BMdotCOM mixed metaphor of the day
New crane up
Close-up of the ruined Vauxhall crane
Are Christian social conservatives using the Tea Party to impose social conservatism?
Some more presidential debate prophecy
Pat Caddell on mainstream media bias
Reasons to think Romney is going to win big
And on my other personal blog …
University of California chickens coming home to roost?
Occupy St Paul’s pictures
Street social services management integrated command sub-centres
The England rugby aftermath
Go Gary Johnson!
The Jobs difference
Freedom Tower and Gary Johnson at Samizdata
A review of Detlev Schlichter’s new book (multiplied by 4)
Kevin Dowd last night
Friday link dump
Gordon Brown curses the United Kingdom
Go Not Obama!
BrianMicklethwaitDotCom not threatened by the end of the Big Thing Boom
That’s what I call a Health and Safety Notice
Absolutely not a private navy (except that it probably is)
Why I prefer blogging to writing for a magazine
Julian Assange drove Daniel Domscheit-Berg’s cat Herr Schmitt crazy
Me and Patrick Crozier talk about the banking crisis and its possible consequences
Wagga Wagga has been flooded by the Murrumbidgee River
Scientology enthusiast is now Climate Change Minister
Rockets are a great improvement on balloons
Toby Baxendale on what went wrong and what to do about it
Peaceful time in war zone
Tim Evans looking happy
Choosing the best pictures by waiting a few days
At the launch of Alchemists of Loss
Nuking the Oil Spill is probably a rather bad idea
Apple passed Microsoft in market capitalisation today
Incoming from Molly Norris!
Voice and exit
Does Google now rule the world of computing?
Antoine Clarke on the Massachusetts election and the online effect
Talking about The Hockey Stick Illusion with Bishop Hill
SAY NO TO GOVERNMENT MOTORS
Three airplane photos
Stepping forward into the abyss!
Yet more ramblings about Guesswhatgate
Picture of an aftershock of the credit crunch rippling around the world
ClimateGate roars on and Man(n)-made warming is taking on a whole new meaning
Gaddafi looking rather like Alan Rickman
Paul Marks on the financial crisis and on the badness of Obama
Prodicus (and me) on the shitness of the LibDems
Bercow versus the party which picked him
The Instadaughter on the morals of actors
Old Holborn lets rip at Labour in a Guido comment
Why I object to Madam Scotland and why I don’t
In which this blog indulges in an I Told You So moment concerning Speaker John Bercow
Great speech by Kevin Dowd in Paris which should be available to listen to soon
What Bercow does next
Another politician who looks like a noted comedy actor of yesteryear
What next for Guido Fawkes?
Thoughts on the Go Gordon petition
My opinion of yesterday’s budget
Two Samizdata comments on the sinking of Brown and on the sinking of the Daily Telegraph
“What did you just say?”
Patri Friedman versus Chris Tame
At Samizdata: cricket - crime - Kevin Dowd quote
My confusion about free banking
What the previous two postings here have in common
Daniel Hannan and the shape of the media to come
Kevid Dowd video now up and watchable
Headlines of the times
MBA - necessary but insufficient
Paul Marks on the financial crisis
TARP stuff - and a trip to Sheffield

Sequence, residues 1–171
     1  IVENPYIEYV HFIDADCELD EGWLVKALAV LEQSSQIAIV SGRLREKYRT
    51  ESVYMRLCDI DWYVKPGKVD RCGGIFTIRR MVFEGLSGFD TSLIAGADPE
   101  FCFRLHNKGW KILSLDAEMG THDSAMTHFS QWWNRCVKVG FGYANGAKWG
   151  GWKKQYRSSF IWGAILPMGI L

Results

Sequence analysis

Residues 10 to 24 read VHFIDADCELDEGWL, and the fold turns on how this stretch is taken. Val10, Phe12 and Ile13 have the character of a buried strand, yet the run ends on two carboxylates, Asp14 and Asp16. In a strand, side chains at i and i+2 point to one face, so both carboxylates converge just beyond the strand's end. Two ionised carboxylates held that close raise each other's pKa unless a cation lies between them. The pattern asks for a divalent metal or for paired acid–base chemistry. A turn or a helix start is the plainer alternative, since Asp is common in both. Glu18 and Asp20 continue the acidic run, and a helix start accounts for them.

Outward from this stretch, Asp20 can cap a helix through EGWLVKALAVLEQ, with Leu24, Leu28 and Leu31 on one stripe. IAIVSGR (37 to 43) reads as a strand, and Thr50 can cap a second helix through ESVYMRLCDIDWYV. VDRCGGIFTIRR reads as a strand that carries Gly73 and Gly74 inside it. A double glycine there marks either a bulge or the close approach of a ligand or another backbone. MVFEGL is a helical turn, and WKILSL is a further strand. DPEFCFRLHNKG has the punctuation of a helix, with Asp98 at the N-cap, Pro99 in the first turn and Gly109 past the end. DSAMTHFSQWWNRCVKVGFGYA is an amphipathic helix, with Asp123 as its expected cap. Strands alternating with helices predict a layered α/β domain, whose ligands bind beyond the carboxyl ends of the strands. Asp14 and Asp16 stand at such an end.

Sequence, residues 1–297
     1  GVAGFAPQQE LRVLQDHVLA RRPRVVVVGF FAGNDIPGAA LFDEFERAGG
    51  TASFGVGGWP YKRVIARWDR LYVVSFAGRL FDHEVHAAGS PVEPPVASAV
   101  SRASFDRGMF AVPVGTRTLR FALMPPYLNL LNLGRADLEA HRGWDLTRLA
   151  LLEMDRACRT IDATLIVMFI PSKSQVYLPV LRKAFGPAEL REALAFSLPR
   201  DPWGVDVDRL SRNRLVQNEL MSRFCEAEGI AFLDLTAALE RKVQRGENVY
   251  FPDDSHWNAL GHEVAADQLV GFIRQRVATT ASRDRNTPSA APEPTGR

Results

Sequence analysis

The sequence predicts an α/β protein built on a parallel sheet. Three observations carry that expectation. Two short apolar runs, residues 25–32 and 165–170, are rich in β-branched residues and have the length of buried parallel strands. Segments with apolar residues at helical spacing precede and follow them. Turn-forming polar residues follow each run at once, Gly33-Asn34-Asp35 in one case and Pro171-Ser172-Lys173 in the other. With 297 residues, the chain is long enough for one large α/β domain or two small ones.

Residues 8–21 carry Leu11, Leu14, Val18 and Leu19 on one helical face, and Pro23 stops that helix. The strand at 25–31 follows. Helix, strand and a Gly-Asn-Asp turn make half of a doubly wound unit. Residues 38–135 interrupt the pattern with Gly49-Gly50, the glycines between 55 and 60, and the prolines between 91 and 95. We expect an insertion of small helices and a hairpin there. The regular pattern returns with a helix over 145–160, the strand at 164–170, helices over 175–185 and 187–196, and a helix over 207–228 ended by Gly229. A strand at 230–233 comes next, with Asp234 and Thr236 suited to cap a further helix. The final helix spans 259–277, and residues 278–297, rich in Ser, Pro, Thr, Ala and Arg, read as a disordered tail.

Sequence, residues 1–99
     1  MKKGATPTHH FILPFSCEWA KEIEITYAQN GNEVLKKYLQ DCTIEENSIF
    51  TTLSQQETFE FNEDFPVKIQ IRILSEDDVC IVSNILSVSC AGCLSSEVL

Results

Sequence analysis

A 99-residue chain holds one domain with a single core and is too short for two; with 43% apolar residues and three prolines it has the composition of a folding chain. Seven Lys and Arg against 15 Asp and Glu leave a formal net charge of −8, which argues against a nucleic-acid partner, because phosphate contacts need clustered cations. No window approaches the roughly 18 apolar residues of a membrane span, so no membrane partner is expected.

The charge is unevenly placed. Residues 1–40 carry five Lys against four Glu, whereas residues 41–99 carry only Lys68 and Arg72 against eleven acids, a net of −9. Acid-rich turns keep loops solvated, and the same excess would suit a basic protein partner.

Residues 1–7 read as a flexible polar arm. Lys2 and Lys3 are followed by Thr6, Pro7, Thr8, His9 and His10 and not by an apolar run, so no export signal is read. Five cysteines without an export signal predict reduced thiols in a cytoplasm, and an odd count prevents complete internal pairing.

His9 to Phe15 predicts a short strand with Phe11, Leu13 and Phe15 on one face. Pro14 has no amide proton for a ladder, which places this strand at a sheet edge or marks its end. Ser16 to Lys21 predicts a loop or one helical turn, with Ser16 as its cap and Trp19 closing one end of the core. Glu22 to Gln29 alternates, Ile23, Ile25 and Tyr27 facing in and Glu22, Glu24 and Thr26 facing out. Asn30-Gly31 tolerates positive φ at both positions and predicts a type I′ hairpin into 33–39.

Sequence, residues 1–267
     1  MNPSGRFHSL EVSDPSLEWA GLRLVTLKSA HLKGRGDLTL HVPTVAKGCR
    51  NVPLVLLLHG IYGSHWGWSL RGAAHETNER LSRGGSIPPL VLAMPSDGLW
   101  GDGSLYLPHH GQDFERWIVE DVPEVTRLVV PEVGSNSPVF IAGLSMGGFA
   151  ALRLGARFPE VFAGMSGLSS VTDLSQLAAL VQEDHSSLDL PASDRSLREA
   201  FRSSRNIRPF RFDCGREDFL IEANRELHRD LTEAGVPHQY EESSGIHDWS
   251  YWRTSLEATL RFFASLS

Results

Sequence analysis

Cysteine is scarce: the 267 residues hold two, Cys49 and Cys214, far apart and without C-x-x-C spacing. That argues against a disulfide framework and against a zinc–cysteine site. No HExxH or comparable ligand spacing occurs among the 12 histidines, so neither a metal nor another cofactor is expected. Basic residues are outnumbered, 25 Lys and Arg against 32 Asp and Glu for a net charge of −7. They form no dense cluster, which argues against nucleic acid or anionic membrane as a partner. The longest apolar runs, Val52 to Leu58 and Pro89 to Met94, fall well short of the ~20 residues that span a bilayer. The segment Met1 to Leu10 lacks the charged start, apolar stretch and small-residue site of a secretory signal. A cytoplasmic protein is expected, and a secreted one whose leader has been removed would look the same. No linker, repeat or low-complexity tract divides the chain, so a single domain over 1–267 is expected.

Meme for the New Depression
Kevin Dowd says what should be done
Evening Standard hand-done billboards go printed shock
Is the contemporary art bubble bursting?
P. J. O’Rourke confuses the average with the significant
Why Willem Buiter blogs and why I do
Photo-ing the news in Evening Standard headlines
Another pendulum theory
Reasons to be a bit more cheerful
Antoine and Michael on what to do now
Not the book I want to read right now - maybe later
Obama still won’t do nasty
“Who are you going to sell it to if we don’t buy it?”
Armed is less dangerous
More Beijing smog-blogging
Brown leapfrogs Cameron with 36 point jump
Guido on Gordon
The personal and the political
Paul Marks told us so
Big, Bigger, Biggest - starring Heathrow Terminal 5
Talking with Antoine about the US election and about libertarian politics in the US and in the UK
Antoine Clarke talking about the US Primaries
Tatiana the normal tiger
Billion Monkeys and a Real Photographer at the Golden Umbrellas
Photoing dusk on automatic
Nothing untoward happening!
Three … thirty six … sixty one … a hundred a forty eight …
Alisher Usmanov is now better known for being nasty
Richard Dawkins on the Muhammad cartoons affair
Back lit Billion Monkey lady and back lit Saturn!
I know the feeling
Armed police in Hertford hunt big cat
The Great Global Warming Swindle debate now begins
What are the world’s biggest problems?
Emmanuel Todd (1): Anthropology explains ideology
And further talk at Christian Michel’s about water and power
Islam is evil - and that’s me carrying on normally
Billion Monkeys and people waving blue things!
Antoine says why he got the midterms wrong
The West disunited versus the Pesky Muslims
The extreme memes spread by moderate Muslims
Antoine Clarke talks with me about votes for women (and teenagers) – and about Sweden
Latest Brian and Antoine mp3 - Middle East, Mexico, USA
Something to bore everyone
Latest Brian and Antoine elections around the world mp3
Brian and Antoine mp3s now into double figures
Billion Monkeys stop cover-ups!
Listening to Peter Briffa’s first podcast
I won’t be doing any television myself in the near future but in the meantime have a watch of this
4th Generation Warfare in the middle of an advanced Western Country
Car bomb in Bogota
China is economically way ahead of India
Daniel Cuthbert - wrongly convicted “hacker” - and photographer
Phrase of the day
FEMA - not as well informed as the general public
More on Katrina
Two interesting predictions
Katrina as art – and Katrina as proof of What I’ve Always Said